With the release of Citrix XenDesktop 7.9, a new feature we’ve all been “keen as mustard” to test is the new Citrix MCS IO acceleration baked into the 7.9 release. If you’re unfamiliar with this functionality, think about the ability to serve burst disk IO directly from RAM instead of slower san disk.
Moreover, if you’re familiar with Citrix Provisioning services, this technology could be directly compared to the “kick ass” feature in Citrix Provisioning services called “Cache in RAM, Overflow to disk”.
With Citrix XenDesktop 7.9, you have two new options for optimising and accelerating temporary data:
- Temporary Ram Cache.
- Temporary Disk Cache.
With Temporary RAM Cache, you configure a memory limit (say 256mb) and all the IO to the system up to 256mb is written directly to ram instead of disk!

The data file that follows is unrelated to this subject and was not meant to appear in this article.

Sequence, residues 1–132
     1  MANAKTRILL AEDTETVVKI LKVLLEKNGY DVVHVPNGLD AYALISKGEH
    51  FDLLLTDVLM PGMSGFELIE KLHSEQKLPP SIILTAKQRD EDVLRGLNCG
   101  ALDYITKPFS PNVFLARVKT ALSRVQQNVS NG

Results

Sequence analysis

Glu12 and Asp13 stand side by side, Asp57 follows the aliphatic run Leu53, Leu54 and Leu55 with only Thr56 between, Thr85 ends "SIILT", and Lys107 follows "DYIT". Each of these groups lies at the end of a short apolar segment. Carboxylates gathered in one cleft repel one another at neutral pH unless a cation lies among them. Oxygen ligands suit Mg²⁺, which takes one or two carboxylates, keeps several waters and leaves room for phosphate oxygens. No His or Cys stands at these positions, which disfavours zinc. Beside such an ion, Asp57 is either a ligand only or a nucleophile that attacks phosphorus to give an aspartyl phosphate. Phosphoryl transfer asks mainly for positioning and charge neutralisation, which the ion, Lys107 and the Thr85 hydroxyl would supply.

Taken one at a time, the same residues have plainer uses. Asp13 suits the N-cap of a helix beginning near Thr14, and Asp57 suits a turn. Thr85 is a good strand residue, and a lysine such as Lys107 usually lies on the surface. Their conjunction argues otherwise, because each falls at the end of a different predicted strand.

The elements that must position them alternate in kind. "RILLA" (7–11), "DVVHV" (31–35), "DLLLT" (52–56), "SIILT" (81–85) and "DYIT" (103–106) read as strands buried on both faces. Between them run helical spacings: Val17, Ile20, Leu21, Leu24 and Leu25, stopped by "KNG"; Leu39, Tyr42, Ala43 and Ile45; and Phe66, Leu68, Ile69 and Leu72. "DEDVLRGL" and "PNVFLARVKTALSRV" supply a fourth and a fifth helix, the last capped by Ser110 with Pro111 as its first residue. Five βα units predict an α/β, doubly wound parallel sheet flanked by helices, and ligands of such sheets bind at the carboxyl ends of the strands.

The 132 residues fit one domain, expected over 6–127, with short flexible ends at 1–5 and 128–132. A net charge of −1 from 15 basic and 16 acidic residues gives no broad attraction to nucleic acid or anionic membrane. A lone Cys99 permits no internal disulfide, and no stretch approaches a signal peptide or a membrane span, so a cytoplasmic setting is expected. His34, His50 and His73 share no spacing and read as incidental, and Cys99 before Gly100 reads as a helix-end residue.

With temporary disk cache, you could choose to offload the write IO to a separate volume or local SSD. Similar again to PVS write cache disks.
If you enable RAM cache, but don’t enable Temporary Disk Cache, the contents of RAM will never reduce and you will bluescreen your target device if your IO is greater than your RAM! E.G. if you run out of RAM, your machine goes down…
Yep you heard me right, consider this cache type the same as the old RAM cache in provisioning services. Useful, but only if you like to live dangerously or have so much RAM the concept of running out is foreign and laughable.
Similarly, if you undersize the cache disk, and the cache disk fills up, your device will “stop responding” to remote requests.
So the golden rules are:
- Never run RAM cache without disk cache unless you’re certain you will always have free RAM.
- Never run Disk Cache without properly sizing the disk to at least the free space available to the VM’s C: drive.